Melanoma is one of the most deadly and therapy-resistant cancers. Here we show that N6-methyladenosine (m6A) mRNA demethylation by fat mass and obesity-associated protein (FTO) increases melanoma growth and decreases response to anti-PD-1 blockade immunotherapy. FTO level is increased in human melanoma and enhances melanoma tumorigenesis in mice. FTO is induced by metabolic starvation stress through the autophagy and NF-κB pathway. Knockdown of FTO increases m6A methylation in the critical protumorigenic melanoma cell-intrinsic genes including PD-1 (PDCD1), CXCR4, and SOX10, leading to increased RNA decay through the m6A reader YTHDF2. Knockdown of FTO sensitizes melanoma cells to interferon gamma (IFNγ) and sensitizes melanoma to anti-PD-1 treatment in mice, depending on adaptive immunity. Our findings demonstrate a crucial role of FTO as an m6A demethylase in promoting melanoma tumorigenesis and anti-PD-1 resistance, and suggest that the combination of FTO inhibition with anti-PD-1 blockade may reduce the resistance to immunotherapy in melanoma.
Melanoma is one of the most deadly and therapy-resistant human cancers in the United States1. The incidence of melanoma continues to rise at an alarming rate each year, faster than any of the other common cancers2. In the past decades, tremendous progress has been made in elucidating the mechanism of melanoma development at the molecular, cellular and organismal levels1. Both genetic, including mutations in oncogenes and tumor suppressor genes, and epigenetic mechanisms, including DNA methylation, microRNAs, and other non-coding RNAs, have been demonstrated to play critical roles in melanoma pathogenesis1,3,4,5. In particular, the discoveries of BRAF mutations and their functions in most melanomas have led to the development of molecular therapy targeting the mutant BRAF1. However, the majority of the patients treated with an inhibitor of mutant BRAF eventually suffer continuous disease progression6. Recent breakthroughs in immunotherapy, including anti-PD-1 checkpoint blockade therapy, have benefitted a growing number of melanoma patients7,8,9. Still, more than half of these patients do not show a durable response to immunotherapy. Multiple mechanisms, such as driver mutations, epigenetic mechanisms, tumor plasticity, and immunosuppression, may cooperate to maintain the melanoma phenotype and mediate resistance to therapies, including immunotherapy10,11, which makes targeting a single pathway less effective. Our understanding of the molecular mechanisms for melanoma development and therapeutic response is still limited.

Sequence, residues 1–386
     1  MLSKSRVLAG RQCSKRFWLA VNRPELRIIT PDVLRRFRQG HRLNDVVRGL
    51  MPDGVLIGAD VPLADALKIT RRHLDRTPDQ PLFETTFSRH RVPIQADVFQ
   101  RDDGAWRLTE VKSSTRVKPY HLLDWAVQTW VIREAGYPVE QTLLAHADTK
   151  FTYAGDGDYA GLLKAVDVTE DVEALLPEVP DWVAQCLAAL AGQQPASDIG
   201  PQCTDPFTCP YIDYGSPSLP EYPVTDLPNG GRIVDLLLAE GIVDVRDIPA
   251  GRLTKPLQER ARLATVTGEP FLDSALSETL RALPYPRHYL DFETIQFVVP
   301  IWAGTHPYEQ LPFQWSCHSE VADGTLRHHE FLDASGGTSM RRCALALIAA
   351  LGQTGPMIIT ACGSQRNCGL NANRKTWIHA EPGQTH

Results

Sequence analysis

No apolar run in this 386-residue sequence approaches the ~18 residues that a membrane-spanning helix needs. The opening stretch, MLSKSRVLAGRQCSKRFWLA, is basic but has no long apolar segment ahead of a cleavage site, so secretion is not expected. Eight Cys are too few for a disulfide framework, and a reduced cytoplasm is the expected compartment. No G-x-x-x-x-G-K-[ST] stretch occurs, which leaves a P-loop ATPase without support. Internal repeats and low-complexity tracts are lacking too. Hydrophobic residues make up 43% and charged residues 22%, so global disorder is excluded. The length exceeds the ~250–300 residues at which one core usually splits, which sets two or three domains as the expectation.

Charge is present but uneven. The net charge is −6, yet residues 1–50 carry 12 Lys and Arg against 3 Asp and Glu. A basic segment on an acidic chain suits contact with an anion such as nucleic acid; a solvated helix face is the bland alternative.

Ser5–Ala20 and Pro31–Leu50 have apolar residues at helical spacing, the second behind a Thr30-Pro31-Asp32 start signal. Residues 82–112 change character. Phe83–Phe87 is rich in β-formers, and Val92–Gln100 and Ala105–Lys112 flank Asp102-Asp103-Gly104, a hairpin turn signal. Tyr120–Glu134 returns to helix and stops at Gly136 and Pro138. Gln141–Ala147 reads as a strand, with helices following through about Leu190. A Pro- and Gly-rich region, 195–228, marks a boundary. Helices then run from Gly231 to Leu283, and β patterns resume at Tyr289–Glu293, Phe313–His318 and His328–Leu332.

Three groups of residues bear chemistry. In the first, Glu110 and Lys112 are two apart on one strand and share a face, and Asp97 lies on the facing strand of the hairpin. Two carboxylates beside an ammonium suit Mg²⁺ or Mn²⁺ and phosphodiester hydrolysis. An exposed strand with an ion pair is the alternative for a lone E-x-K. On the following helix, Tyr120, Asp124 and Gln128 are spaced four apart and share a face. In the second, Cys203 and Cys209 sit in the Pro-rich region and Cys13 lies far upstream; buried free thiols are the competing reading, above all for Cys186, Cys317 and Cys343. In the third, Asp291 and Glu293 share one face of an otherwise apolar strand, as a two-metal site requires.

An emerging molecular mechanism regulating gene expression at the post-transcription level is N6-methyladenosine (m6A) RNA methylation. m6A RNA methylation is the most prominent chemical modification found in messenger RNA (mRNA) and non-coding RNA in eukaryotic cells12,13,14,15. Recently, the first m6A demethylase FTO was discovered, suggesting that m6A RNA methylation is reversible and dynamic and may have crucial physiological and pathological functions16. Subsequently, two studies independently mapped the transcriptome-wide m6A distribution17,18. These studies also suggest that, similar to the reversible epigenetic modifications to DNA and histone, post-transcriptional methylation of adenosines in RNA provides an epitranscriptomic layer of regulation that may control mRNA fate and gene expression.